Resurgent ‘animal spirits’ in markets may hinder Fed’s inflation battle: Nomura


A contrarian viewpoint is emerging that challenges investors’ recent optimism over the Federal Reserve’s ability to bring inflation down to 2% without a U.S. recession or a big rise in unemployment.

It’s the idea that Wednesday’s unexpectedly dovish pivot by policymakers, who penciled in three quarter-point rate cuts for 2024, may end up undermining their inflation battle and create a new set of problems. The reason is that it’s reawakening the market psychology forces known as “animal spirits” — giving investors greater confidence and easing financial conditions in a way that might make it harder to control inflation.

The resurgence of these animal spirits in the financial markets is the largest risk created by the Fed’s policy update this week, as officials attempt to pursue an economic soft landing “through greenlighting a deeper preemptive series of cuts,” said Charlie McElligott, a cross-asset strategist from the global equity derivatives desk at Nomura Securities International in New York.

In a note on Thursday, a day after the Fed unveiled its update and projections, McElligott cited how financial conditions are easing at a time when the labor market remains historically tight. In addition, households and corporations are enjoying a positive wealth effect as the result of a rising stock market and the interest that can be earned on cash-like investments. The collective impact of all this is that reawakened “animal spirits” could continue to drive consumption and stimulate inflation, “risking the future need to re-start policy tightening,” the strategist wrote.

The “Powell Preemptive Pivot” is translating into what looks like a “QE/portfolio-rebalancing channel trade” in financial markets, said McElligott, who has warned about the risks created by animal spirits for months.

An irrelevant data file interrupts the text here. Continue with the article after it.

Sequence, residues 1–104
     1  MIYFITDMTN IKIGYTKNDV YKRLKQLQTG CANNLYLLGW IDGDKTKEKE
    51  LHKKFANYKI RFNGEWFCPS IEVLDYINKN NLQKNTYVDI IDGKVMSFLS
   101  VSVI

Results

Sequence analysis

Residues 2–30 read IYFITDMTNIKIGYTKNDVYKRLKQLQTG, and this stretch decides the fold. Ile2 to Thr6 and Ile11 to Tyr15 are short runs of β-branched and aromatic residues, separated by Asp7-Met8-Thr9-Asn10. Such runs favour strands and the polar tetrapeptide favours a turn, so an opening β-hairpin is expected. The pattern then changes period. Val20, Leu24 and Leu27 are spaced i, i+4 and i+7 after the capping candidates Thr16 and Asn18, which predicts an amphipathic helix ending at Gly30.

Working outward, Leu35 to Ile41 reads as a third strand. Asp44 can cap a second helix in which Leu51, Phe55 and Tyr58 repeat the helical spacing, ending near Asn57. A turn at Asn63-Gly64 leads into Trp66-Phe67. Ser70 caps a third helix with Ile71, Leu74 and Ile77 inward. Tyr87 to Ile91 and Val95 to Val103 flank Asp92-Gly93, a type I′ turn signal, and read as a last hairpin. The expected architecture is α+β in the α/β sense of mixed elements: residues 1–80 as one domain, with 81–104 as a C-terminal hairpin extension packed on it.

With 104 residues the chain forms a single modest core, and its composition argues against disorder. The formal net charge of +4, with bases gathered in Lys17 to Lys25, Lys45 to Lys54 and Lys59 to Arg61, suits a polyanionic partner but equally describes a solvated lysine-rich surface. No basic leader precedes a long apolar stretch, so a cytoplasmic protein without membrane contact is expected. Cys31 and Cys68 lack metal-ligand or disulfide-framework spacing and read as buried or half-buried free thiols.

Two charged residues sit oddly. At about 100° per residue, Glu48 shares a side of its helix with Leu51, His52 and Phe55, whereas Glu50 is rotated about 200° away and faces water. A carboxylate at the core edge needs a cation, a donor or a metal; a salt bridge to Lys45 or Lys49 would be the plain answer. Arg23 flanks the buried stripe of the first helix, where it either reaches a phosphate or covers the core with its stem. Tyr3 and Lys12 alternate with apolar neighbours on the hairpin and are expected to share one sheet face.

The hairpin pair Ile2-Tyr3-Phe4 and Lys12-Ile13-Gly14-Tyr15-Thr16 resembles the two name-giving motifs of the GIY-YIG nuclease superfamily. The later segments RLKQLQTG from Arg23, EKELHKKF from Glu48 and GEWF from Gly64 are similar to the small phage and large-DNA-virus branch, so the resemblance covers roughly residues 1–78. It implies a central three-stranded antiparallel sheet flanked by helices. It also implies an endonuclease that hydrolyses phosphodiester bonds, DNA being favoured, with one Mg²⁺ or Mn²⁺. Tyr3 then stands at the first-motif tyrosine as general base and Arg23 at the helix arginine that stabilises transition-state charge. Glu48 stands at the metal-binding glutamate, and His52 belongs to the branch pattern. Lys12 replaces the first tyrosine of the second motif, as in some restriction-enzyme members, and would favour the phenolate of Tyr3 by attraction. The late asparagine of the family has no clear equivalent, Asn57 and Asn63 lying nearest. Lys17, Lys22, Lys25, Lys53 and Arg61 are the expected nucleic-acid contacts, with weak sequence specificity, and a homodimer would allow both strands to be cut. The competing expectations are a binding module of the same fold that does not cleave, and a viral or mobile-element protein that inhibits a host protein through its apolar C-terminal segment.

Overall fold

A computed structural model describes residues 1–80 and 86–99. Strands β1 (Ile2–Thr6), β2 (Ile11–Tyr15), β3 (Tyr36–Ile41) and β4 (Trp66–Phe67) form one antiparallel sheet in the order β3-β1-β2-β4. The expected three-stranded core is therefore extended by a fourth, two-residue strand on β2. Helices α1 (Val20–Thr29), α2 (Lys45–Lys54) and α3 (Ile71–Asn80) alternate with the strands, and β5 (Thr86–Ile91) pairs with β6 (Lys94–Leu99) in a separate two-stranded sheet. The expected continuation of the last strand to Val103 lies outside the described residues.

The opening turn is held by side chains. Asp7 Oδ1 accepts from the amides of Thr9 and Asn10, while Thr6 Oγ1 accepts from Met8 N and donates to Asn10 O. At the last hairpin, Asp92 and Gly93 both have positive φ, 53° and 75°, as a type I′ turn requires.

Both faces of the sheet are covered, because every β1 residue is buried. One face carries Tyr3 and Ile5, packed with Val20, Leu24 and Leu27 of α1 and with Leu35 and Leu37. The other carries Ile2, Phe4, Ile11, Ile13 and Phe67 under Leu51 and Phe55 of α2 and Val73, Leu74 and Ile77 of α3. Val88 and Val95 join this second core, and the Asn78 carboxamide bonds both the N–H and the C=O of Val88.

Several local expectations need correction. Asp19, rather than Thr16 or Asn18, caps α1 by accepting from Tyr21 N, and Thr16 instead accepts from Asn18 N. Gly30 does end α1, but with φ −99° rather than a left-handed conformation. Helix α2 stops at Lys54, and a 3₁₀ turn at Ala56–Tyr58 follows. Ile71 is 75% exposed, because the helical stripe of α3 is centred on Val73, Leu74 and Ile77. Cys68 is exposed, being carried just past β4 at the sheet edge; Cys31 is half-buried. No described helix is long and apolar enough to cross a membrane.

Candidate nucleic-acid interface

For now, he said, there’s no reason to try and fade the “everything rally” until inflation and economic growth reaccelerate, which would require “an Arthur Burns retightening-cycle capitulation,” or until a “hard-landing” scenario comes to fruition with a cracking of the labor market that would require “300bps+ of cuts, and fast.” Arthur Burns was the Fed’s chairman from 1970-1978, and the predecessor to Paul Volcker.

McElligott isn’t the only one expressing concerns about the impact of this week’s Fed policy announcement and projections. The investment team at Northwestern Mutual Wealth Management Co. in Milwaukee, which oversaw $255.7 billion in assets as of September, said it thinks inflation is going to be difficult to snuff out completely, and that policymakers are going to be reluctant to cut rates until it moves sustainably back to 2%.

The implications of Northwestern Mutual’s line of thinking are that a perfect economic landing is highly unlikely and that, under that situation, certain investments such as small- and mid-cap stocks will do better than others over the next 12 to 18 months, according to a report distributed on Friday.

Helping to give greater credence to the skepticism about a dovish pivot by the central bank were remarks made earlier on Friday by New York Fed President John Williams, who said officials aren’t really talking about cutting rates right now.

Treasurys initially sold off on the comments by Williams before stabilizing, leaving yields slightly higher to little changed on the day. Meanwhile, all three major stock indexes


were mixed in afternoon trading Friday. Fed fund futures traders continued to see a high likelihood that as many as five to seven quarter-point Fed rate cuts will occur next year.

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